The EU Securitisation Regulation took effect on 1 January 2019, bringing a new Simple, Transparent and Standardised (STS) label for securitisations that meet strict eligibility criteria. Arno Vink and Edwin van Ankeren, Capital Markets Netherlands, discuss what the new regulation and STS designation mean, and how firms can satisfy their expanded disclosure obligations.
The Securitisation Regulation seeks to enhance the safety, liquidity and harmonisation of Europe's securitisation market, and is a cornerstone of the EU's Capital Markets Union. To further these goals, the STS designation has been introduced to differentiate simple products from more opaque and complex ones, and make it easier for investors to understand and assess the risks of investing in a securitisation.
One potential advantage to STS status is that credit institutions and investment firms exposed to them may be eligible for preferential capital treatment under the Capital Requirements Regulation. Perhaps more importantly, the STS label is emerging as a market standard that will help attract investor interest.
Year to date, there have been 46 STS notifications of securitisation transactions, split six private and 40 public transactions. Out of the public transactions eight transactions were closed in 2018 (source: ESMA).
Securitisation Regulation & STS transparency requirements
The Securitisation Regulation imposes strict disclosure requirements (set out in Article 7 and the draft regulatory and implementing technical standards) on all securitisation transactions originated as of 1 January 2019. The disclosures must include detailed information on underlying exposures, along with investor reports.
To be designated STS, a securitisation must comply with close to 100 additional criteria set out in Articles 20-22 of the regulation. Transparency and reporting rules form a key part of those criteria – requiring originators, sponsors and securitisation special purpose entities to make information on the transaction and underlying exposures available to securitisation holders, competent authorities and, upon request, potential investors.
To satisfy the disclosure rules, institutions have to:
Compile the reporting templates
Detailed information (which varies by asset class) must be disclosed for each transaction. The information will be transmitted using standardised disclosure templates developed by ESMA (once the incoming European Parliament ratifies them, which is expected sometime in Q4 2019 or Q1 2020). Reporting parties therefore need to interpret the new technical standards, definitions and template fields to determine what should go into them.
Applicable CRA3 templates are being used until ratification takes place.
Assimilate data for different asset classes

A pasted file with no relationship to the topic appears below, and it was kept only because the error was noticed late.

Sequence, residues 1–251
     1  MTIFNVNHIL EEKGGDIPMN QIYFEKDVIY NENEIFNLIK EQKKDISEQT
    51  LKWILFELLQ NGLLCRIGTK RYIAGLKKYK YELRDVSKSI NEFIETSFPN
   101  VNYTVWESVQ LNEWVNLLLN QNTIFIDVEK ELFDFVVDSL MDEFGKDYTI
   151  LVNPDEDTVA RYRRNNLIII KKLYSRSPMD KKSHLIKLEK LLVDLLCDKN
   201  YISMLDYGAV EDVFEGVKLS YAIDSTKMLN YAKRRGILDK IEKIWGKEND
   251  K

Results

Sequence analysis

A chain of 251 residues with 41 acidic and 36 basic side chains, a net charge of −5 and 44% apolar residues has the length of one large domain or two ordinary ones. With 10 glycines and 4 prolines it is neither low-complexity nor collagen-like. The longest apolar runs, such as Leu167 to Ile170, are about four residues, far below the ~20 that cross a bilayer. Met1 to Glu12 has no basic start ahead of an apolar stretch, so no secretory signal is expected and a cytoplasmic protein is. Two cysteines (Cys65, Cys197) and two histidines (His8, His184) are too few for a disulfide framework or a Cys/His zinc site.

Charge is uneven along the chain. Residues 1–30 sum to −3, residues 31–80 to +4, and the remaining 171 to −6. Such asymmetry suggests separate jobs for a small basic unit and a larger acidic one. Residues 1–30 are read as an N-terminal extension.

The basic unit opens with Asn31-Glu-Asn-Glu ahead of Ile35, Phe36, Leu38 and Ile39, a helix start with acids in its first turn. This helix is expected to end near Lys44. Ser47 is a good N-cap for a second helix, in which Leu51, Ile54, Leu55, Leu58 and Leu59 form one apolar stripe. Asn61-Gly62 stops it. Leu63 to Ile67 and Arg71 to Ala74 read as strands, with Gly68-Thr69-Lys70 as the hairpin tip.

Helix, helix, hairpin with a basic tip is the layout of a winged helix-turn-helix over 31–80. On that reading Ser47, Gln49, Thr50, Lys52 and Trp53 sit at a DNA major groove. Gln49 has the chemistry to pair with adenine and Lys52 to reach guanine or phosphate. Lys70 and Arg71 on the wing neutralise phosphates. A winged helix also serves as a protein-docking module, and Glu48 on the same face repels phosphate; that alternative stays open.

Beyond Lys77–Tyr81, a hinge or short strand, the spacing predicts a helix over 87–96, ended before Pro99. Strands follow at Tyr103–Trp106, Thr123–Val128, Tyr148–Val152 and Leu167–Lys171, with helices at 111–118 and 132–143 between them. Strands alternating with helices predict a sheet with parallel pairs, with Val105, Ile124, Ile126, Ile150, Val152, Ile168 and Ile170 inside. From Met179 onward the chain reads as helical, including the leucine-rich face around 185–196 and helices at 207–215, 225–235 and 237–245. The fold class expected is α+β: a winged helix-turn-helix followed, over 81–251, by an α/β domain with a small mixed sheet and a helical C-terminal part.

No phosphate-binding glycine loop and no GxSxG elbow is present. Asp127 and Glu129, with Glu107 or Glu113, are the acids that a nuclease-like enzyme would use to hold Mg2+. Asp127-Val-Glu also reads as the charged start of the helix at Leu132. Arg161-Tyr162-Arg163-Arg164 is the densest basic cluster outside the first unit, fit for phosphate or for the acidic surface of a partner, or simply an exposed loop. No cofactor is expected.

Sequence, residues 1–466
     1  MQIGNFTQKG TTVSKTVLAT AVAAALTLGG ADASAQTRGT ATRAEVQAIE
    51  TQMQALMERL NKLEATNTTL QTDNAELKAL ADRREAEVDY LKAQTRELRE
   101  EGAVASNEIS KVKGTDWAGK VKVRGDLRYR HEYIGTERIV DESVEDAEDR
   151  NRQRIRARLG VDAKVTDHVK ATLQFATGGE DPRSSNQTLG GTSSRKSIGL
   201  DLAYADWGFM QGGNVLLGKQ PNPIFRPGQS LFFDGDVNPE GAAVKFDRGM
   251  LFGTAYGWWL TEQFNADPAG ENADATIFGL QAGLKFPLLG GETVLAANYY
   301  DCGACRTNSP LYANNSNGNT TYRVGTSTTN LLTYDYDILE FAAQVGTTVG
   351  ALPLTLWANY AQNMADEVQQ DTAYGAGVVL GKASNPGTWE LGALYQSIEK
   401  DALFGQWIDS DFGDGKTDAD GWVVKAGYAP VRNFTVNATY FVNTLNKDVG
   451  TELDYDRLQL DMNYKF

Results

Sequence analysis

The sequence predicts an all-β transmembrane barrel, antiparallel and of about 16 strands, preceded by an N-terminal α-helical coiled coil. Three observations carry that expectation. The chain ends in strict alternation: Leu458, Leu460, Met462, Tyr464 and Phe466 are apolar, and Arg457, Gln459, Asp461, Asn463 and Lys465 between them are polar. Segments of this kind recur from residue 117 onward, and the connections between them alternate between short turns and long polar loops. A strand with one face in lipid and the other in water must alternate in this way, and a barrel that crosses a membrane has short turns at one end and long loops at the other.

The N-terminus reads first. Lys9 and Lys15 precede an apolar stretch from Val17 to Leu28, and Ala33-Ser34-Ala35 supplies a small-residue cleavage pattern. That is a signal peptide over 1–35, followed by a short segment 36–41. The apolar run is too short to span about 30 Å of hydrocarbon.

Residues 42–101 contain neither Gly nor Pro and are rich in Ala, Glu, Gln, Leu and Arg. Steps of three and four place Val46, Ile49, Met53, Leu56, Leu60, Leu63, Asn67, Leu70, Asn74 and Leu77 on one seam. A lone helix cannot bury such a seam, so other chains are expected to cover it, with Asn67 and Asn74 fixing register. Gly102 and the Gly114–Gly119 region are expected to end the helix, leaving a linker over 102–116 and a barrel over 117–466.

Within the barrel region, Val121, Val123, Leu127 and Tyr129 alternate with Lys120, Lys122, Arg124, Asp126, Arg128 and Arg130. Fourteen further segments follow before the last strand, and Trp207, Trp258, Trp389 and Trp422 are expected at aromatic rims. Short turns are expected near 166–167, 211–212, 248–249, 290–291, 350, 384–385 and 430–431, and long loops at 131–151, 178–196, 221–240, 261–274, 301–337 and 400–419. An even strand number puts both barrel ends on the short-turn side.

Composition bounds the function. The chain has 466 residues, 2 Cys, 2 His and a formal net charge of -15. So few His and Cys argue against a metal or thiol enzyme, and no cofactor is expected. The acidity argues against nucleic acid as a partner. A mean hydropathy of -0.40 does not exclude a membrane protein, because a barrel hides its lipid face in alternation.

For certain asset classes, more information has to be reported than previously. Sourcing and reporting relevant historical data may be problematic if parties have never reported on, say, energy labels within residential mortgage-backed securities. Similarly, CLO transactions are now included in the regulation's reporting requirements where they weren't before.
Populate templates with standardised data
The regulation seeks to make transactions comparable by ensuring all data is calculated and presented in the same way. Where differences currently exist – for example, in how mortgage originators present performance data such as arrears or losses – that data must be translated into the prescribed standard, as mentioned above.
The disclosure requirements also extend beyond completing the reporting templates. For example, firms need to disclose transaction information to the market pre- and post-closing to enable (potential) investors to perform their due diligence obligations.
In time the information will be disclosed via a registered securitisation repository, but as yet ESMA has no powers to assess repository applications.
Meeting the reporting demands
The skills and infrastructure needed to fulfil the disclosure obligations pose significant challenges.
Creating an efficient, automated and robust reporting infrastructure takes knowledge and investment. With reporting volumes set to rise – as new securitisations continue to grow and many parties amend pre-2019 transactions to make them STS compliant – firms' infrastructures and processes will also need built-in scalability to cope.
Time-to-market is another consideration. Securitising parties need to prepare the templates and collate information for the applicable asset classes before they can launch any STS transactions. Subsequent updates or changes to technical standards must then be monitored and quickly incorporated.
Complying with the STS rules is no easy task. But as the label develops into a market standard, securitisations that meet the rules should gain favour among investors.
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